I saw this quote while surfing briefly on Pinterest and thought it was funny – and quite true.  Although I don’t condone turning to liquor as a way to handle your problems, I choose to interpret this silly meme with light humor.  I do like my whiskey, but I am a huge craft beer fan.  As a cook and an artist, I think craft beer is just another form of culinary art – and perhaps one of the most finicky.  Whiskey, too, is that way.  So there is no wonder than my two favorite places to be are in a fair trade coffee shop or a quirky microbrewery, one generally for work and the other for entertainment.
So, yes, I’ll take that coffee or tea as my moment of indulgence without interrupting a stream of constant work.  It keeps me alert and relaxes me at the same time.  It can be my motivation to get up and get going, and it can be as subtly a form of art at the hands of a barista as brewing alcohol is to the brewer.  Of course, when I’m not working hard at something or meeting up with people to plan, develop, and execute new ideas, I’m likely going with a group of friends or even venturing into a new city on my own and meeting all kinds of people at some kind of microbrew joint.  In a way, it is me accepting things I don’t want to accept, like unwinding after a long week that maybe didn’t go as well as I had hoped.  But instead of moping around, I make a treat out of my time spent experiencing new places and talking with new people.  It’s my way of realizing that there’s more to life than whatever’s been on my mind while simultaneously indulging with like-troubled people over a great glass of whatever the house recommends.
This week, take a moment to enjoy your coffee while you work, and don’t be afraid to brave a new bar seat, different conversation, and perhaps a drink you hadn’t been willing to try quite yet.

The Sacred Coffee Pot

Every office has one (except, maybe, Twinings): the sacred coffee pot.  This communal appliance hosts the gathering of co-workers like herds to a waterhole.  Whether it’s an 8am wake up, a 3pm pick-up, or any point inbetween, it is the universal donor of lifeblood to nearly everyone in the office.  So why is it always empty when I fill up?

I have come to the conclusion that, as soon as I make a pot, some coffee predator lurking in the bushes pounces on it as soon as it’s done.  This animal takes an enormous share, then sets the distributor on its shelf where it is quickly devoured by less aggressive creatures who witnessed the predator make its first move.  Like a million annoying sparrows dipping into a birdbath, these animals draw coffee until they’ve sucked it dry.  It is this wasteland that I find myself upon when I return for my hard-earned cup.  I angrily begin a new pot and find myself thrown into this routine, vicious cycle.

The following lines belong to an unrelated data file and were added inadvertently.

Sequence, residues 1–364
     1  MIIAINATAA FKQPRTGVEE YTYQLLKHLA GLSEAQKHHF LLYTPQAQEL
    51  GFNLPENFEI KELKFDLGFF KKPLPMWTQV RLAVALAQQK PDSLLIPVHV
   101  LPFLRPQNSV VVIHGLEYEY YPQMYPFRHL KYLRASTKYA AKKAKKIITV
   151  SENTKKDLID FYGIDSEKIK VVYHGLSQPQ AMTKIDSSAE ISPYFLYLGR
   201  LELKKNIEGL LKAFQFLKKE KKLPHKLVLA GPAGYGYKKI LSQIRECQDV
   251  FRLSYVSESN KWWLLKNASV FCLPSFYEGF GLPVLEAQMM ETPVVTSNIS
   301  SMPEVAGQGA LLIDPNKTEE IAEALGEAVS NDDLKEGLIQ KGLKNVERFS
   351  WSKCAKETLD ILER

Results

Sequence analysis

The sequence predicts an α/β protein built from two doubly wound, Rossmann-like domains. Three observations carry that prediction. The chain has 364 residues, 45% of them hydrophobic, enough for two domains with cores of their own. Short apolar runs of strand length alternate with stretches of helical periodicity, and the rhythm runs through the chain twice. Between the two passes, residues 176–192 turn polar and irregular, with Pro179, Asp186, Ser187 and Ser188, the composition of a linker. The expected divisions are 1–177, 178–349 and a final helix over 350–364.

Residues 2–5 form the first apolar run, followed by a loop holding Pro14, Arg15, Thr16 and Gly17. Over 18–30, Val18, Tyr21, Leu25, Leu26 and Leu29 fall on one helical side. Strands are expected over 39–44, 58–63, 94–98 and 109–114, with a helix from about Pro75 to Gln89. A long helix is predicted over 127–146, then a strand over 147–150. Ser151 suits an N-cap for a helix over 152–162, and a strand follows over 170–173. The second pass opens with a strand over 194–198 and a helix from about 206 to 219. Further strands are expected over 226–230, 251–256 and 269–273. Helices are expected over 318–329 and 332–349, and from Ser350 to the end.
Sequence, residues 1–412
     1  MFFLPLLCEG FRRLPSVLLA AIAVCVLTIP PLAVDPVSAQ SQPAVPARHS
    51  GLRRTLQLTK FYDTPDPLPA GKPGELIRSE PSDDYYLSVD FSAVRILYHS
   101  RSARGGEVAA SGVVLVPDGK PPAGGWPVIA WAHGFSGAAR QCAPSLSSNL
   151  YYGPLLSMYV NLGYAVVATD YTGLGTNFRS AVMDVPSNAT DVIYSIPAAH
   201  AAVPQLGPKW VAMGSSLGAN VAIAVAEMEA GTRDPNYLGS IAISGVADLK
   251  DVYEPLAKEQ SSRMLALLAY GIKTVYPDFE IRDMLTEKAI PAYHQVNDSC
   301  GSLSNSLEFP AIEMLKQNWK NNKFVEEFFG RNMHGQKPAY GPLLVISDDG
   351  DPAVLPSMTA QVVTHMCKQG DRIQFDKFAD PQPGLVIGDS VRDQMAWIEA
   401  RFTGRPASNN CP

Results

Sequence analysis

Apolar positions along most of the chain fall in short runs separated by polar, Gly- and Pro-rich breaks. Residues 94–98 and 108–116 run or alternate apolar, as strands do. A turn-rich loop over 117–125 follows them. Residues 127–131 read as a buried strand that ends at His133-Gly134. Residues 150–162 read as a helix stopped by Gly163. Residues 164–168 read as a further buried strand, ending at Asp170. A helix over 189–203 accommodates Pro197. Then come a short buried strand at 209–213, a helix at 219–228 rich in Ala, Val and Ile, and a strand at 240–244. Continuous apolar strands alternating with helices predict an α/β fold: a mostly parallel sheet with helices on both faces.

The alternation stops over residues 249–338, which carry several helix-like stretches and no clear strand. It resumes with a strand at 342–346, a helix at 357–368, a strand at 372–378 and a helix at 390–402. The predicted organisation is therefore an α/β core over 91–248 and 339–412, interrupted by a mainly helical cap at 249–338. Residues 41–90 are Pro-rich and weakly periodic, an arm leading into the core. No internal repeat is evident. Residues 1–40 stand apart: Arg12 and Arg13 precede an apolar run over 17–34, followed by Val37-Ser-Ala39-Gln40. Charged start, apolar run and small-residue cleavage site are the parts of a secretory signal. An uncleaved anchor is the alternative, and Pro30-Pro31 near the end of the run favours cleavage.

What is so hard about making a pot of coffee?  As we would say at the dining hall in school, “You kill it, you fill it.”  The person who scooped the last of the mashed potatoes was required to take it back to the kitchen for more.  Often, this meant no one would take the last hit.  But, no, not in an office… in an office, it’s every man for himself.  To me, it just seems morally wrong to tap out a pot and not make more.  I replay the thought in my head and can’t understand who could bear doing it: You go for a cup, pump the top, get what you can before an embarrassingly loud sucking-drops-through-a-straw sound emanates through the breakroom.  Then, despite this sound (which clearly indicates empty unless you’re a dimwit), you boldly walk away, declaring to the world that either A) I don’t care that it’s empty and you can fill it yourself or B) I am a dimwit.

Tell me this, office people: What is the rush?  Do you not have thirty seconds to refill the grounds and click “brew”?  Do you need so desperately to hurry back into your cool little offices where you can check your e-mail for the hundredth time today and dillydally on some project?  I might not be on salary as a student intern, but I certainly have my work cut out for me.  In fact, the research I do keeps the work on your desk.  That might sound unimpressive, but without that work on your desk, you wouldn’t have a job.  So thanks for taking minutes out of my day to refill every pot of coffee you drain.  Thanks for lounging in your airconditioned offices while I sit under the blistering heat of the skylight in public space next to the noisy breakroom, listening to the sound of you tapping every last pot I make.

Okay, the skylight is actually quite nice and they’ve installed doors now so the breakroom isn’t so noisy.  But that’s not my point.  My point is, rather, that something so sacred should be treated better!  Use some consideration!  And, if you’re a dimwit,… get a less demanding job!